The British Boxing Board of Control were almost bankrupted by the compensation paid to Watson for the inadequacy of their medical standards in 1991, having to sell their London headquarters and move to less expensive premises in Wales.
Now the regulations to protect boxers in the UK are among the most stringent in the world.
As the Board’s wise and compassionate general-secretary Robert Smith says: “Boxing is not a sport we can ever make perfectly safe but we do our very best.”
The reduction in brain injuries is apparent in the statistics. Since records began over a century ago, there has been an average of less than one death every two years in the thousands of fights which take place annually around the world.
The majority of those fatalities occurred before the introduction of reforms such as the bringing forward of weigh-ins to the day before fights to prevent dehydration around the brain.
Fewer men die in the ring than in several other sporting pursuits. Mountaineers expire on frozen peaks. Potholers perish in dank caves.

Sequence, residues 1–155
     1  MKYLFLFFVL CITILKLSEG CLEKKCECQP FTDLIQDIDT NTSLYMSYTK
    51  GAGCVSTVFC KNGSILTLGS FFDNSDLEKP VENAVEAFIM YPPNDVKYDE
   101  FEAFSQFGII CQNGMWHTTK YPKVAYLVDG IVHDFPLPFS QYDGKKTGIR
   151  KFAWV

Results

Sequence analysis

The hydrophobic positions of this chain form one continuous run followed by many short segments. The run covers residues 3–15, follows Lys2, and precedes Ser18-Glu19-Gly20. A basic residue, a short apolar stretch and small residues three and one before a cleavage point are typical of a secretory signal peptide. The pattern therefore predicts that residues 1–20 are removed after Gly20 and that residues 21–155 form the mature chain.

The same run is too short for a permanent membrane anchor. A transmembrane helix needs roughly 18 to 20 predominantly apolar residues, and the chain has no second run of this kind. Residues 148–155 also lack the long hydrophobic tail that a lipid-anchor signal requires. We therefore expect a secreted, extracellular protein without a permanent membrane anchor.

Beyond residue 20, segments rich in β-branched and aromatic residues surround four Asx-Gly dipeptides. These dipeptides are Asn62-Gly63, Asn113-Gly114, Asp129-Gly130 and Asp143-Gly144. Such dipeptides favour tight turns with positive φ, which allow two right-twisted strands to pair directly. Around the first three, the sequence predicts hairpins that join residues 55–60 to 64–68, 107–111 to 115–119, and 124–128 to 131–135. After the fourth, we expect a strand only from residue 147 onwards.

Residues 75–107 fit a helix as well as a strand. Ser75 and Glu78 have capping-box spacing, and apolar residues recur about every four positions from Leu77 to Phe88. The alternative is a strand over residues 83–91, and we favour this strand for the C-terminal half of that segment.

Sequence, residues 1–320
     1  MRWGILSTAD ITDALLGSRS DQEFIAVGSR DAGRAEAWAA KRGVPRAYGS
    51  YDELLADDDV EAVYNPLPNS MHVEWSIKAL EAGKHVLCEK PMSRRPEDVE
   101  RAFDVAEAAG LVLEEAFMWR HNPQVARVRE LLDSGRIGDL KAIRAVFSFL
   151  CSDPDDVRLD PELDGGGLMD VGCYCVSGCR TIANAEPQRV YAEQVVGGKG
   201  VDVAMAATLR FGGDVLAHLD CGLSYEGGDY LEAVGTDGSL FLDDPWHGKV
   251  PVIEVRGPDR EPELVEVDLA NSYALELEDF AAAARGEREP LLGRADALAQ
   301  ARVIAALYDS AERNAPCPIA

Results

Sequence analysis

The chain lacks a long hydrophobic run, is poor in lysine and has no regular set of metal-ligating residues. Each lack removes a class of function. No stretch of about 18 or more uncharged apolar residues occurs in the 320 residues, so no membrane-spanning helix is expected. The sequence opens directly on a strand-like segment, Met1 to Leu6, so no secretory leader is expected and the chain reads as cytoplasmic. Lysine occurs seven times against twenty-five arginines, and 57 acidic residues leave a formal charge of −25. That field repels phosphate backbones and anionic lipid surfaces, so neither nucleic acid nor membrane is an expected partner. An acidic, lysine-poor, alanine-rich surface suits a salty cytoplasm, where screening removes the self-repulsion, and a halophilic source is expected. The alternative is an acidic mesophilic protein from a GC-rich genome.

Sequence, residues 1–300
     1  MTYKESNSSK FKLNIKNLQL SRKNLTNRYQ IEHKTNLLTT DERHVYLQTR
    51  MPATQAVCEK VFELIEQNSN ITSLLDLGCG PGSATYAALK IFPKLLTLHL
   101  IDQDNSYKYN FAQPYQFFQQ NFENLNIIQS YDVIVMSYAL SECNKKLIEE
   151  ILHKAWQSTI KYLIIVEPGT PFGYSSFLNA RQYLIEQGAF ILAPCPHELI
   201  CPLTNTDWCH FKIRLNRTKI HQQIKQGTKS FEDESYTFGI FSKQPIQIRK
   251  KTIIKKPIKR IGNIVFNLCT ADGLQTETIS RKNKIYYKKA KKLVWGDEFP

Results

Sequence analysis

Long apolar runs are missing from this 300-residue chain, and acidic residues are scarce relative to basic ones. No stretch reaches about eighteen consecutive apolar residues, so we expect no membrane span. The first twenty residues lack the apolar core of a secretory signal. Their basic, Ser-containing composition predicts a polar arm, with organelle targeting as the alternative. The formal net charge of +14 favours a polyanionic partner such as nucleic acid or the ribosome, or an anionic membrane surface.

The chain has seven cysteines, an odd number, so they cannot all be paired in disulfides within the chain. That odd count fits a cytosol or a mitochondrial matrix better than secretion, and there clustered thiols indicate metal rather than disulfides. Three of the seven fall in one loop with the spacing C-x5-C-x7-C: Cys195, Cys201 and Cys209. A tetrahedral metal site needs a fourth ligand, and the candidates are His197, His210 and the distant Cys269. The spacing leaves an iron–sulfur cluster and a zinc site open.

The death of a cyclist mown down by a car during a race in Belgium on Sunday came as a reminder that it is infinitely more hazardous to drive on our roads than to lace up the gloves.
Nor was there a call for Formula 1 to be abolished when Ayrton Senna was killed, even though exactly as many drivers have died at the wheel since 1952 as boxers have lost their lives in more than a hundred years.
That Michael Schumacher remains in a coma caused by his skiing accident, after surviving a career in motor-racing, is a grimly ironic reminder of the perils of that activity.
Rugby and America’s NFL are among sports trying to come to terms with concussions and paralysis. Constant heading of a football is now being examined as a probable cause of Alzheimer’s and Parkinson’s. Prohibition is rarely, if ever, a solution. Ban boxing and it will be driven underground. As it is, there is bare-knuckle fighting in traveller encampments and white-collar boxing is becoming increasingly fashionable among City traders, bankers and their ilk.
Safer by far to keep this sport licensed and regulated. Boxing, in reality, does more good than harm by offering youngsters a disciplined escape from street life and, increasingly, a lucrative income.
A notable example is Anthony Joshua, who fights for a world heavyweight title at London’s 02 Arena on Saturday and who, when telling interviewers about his youth on the streets of Watford, admits: “I would have been in drugs gangs and then in prison but for boxing.”